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The application of pulsed laser Electronic Speckle Pattern Interferometry to the measurement of in-plane strain on high speed rotating components

Swain, R. C. (1993). The application of pulsed laser Electronic Speckle Pattern Interferometry to the measurement of in-plane strain on high speed rotating components. (Unpublished Doctoral thesis, City, University of London)


Increasingly sophisticated rotating system designs demand a need for more advanced experimental measurement systems, providing highly accurate data over a large number of measurement points. Described within is an interferometric measurement system based upon a speckle correlation technique, referred to in the literature as Electronic Speckle Pattern Interferometry (ESPI), TV holography or Digital Speckle Pattern Interferometry (DSPI). The interferometer is configured to measure radial in-plane displacement. A pulsed laser, necessary because of the rotary motion of the specimen, provides the illumination source. The output from the ESPI system is a fringe pattern, which must be further processed to yield useful data. The work is a continuation of an existing project, and focuses on three main aspects:

• To increase the operable speed range and reliability of the system.
• To extract quantitative engineering data from the fringe patterns.
• To develop the existing design into a 'user-friendly' system, capable of transfer into an industrial environment.

A set of two-dimensional Fourier transform programs, running on an 80486 computer, enable accurate phase data to be extracted from the fringes, delivering quantitative measurements of radial strain to subfringe accuracy.

Major advancements include the construction of a new electronic system to control the pulsed laser, enabling interferograms to be obtained at rotational speeds up to 23,842rpm, with a tip speed increase of 2.75 times any previous result (from 132m s'1 to 364m s"1). The new control unit, unlike its predecessor, is designed to be immune to the electromagnetic interference generated by the laser, and allows speckle patterns to be obtained at any rotational speed, up to 24,000rpm, which is the maximum speed of the drive motor. An innovative shaft encoder was also incorporated into the system, producing highly reliable timing data from the rotating specimen. Efforts to increase the reliability of the measurements concentrated on the vibration and windage generated by the disc. A significant increase in the repeatability at all speeds up to approximately 14,000rpm is reported. Above this speed, the vibrations are too severe to enable repeatable results to be obtained. However, high contrast fringes are still obtained, establishing that speckle correlation occurs, and is likely to at even higher speeds.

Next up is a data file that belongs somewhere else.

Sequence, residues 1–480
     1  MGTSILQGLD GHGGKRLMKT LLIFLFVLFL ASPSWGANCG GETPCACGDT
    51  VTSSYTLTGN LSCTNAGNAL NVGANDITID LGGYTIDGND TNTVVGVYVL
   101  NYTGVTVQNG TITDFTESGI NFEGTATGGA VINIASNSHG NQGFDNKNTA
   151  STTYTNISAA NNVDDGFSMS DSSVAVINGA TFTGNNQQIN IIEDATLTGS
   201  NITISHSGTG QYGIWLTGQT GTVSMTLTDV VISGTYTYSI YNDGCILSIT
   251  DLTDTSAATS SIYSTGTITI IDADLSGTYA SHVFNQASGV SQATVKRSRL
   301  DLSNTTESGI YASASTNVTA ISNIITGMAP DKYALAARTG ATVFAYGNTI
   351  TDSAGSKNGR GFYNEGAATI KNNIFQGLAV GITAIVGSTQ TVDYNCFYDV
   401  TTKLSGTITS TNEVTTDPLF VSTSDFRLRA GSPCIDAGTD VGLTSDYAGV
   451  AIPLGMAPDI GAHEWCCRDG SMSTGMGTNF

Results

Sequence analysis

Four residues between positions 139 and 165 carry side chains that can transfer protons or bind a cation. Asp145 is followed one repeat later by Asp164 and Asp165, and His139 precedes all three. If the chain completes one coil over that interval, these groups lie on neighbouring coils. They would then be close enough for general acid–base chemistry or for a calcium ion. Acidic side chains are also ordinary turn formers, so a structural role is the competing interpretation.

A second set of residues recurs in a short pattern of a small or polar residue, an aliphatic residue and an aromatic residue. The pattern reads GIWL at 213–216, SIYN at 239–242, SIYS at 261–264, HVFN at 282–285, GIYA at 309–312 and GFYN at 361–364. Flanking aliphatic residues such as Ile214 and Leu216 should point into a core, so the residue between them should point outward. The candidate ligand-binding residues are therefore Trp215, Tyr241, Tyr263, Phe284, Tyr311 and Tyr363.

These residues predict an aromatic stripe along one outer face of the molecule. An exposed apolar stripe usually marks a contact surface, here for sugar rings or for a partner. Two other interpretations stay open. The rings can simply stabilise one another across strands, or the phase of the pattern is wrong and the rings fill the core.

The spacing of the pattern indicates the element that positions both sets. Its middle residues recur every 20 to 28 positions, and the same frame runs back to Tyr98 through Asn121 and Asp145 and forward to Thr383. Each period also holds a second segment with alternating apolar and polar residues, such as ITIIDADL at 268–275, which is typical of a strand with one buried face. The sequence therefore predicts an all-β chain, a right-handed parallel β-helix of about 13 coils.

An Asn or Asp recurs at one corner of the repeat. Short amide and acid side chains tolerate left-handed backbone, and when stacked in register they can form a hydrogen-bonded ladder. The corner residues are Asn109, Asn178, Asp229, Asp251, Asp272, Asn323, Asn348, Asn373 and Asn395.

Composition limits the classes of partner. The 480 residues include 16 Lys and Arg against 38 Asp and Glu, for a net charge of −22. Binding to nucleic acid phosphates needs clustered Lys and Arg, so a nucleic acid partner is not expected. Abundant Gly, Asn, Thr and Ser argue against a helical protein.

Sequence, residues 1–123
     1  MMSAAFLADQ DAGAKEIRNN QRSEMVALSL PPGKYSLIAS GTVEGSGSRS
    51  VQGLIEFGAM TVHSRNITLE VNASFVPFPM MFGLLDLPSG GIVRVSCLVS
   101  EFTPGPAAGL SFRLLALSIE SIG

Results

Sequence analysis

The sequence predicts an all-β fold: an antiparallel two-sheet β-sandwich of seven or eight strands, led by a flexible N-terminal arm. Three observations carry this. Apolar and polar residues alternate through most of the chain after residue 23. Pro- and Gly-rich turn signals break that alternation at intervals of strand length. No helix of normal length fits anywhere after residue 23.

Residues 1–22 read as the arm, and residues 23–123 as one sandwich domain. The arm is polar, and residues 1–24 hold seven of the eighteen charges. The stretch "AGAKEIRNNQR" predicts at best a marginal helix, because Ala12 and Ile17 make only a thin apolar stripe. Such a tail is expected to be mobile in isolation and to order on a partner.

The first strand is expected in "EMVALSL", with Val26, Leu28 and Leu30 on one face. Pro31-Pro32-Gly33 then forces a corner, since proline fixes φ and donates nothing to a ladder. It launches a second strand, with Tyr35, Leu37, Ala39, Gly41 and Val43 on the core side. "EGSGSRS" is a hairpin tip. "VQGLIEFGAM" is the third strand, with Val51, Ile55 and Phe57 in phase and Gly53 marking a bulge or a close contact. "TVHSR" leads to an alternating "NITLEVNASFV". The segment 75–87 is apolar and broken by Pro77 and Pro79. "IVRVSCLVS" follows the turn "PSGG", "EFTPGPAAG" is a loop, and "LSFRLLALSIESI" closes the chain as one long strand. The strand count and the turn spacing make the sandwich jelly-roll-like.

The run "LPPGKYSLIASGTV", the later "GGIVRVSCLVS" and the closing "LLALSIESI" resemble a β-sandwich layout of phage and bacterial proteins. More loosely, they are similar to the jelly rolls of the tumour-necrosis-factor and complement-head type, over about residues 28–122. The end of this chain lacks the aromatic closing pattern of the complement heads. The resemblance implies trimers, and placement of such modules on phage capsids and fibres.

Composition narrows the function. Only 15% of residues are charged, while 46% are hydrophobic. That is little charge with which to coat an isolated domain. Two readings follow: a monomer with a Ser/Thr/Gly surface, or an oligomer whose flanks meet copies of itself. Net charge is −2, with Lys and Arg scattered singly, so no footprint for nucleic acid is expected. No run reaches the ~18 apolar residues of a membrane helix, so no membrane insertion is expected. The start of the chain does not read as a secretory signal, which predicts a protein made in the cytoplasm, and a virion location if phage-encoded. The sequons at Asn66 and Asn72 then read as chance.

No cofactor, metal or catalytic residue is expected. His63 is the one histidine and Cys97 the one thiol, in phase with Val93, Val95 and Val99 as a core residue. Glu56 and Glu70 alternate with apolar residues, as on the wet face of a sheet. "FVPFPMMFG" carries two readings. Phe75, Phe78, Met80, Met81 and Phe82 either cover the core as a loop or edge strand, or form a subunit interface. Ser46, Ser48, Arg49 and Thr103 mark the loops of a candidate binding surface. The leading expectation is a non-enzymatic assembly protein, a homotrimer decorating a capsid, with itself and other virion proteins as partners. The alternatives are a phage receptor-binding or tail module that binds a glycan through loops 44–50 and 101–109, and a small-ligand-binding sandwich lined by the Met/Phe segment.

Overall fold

Results from static specimens indicate that the computer software functions effectively, showing close correlation with measured strains. When used with rotating specimens, the system yields results which are generally higher than the established theory. Investigation into this phenomenon suggests that windage heating of the disc surface induces additional stresses in the specimen, as shown in a series of windage tests. Tests conducted under conditions which minimise the windage heating have good agreement with the analytical theory.

Publication Type: Thesis (Doctoral)
Subjects: T Technology > TJ Mechanical engineering and machinery
Departments: School of Science & Technology > Engineering > Mechanical Engineering & Aeronautics
School of Science & Technology > School of Science & Technology Doctoral Theses
Doctoral Theses
[thumbnail of Swain thesis 1993 PDF-A.pdf]
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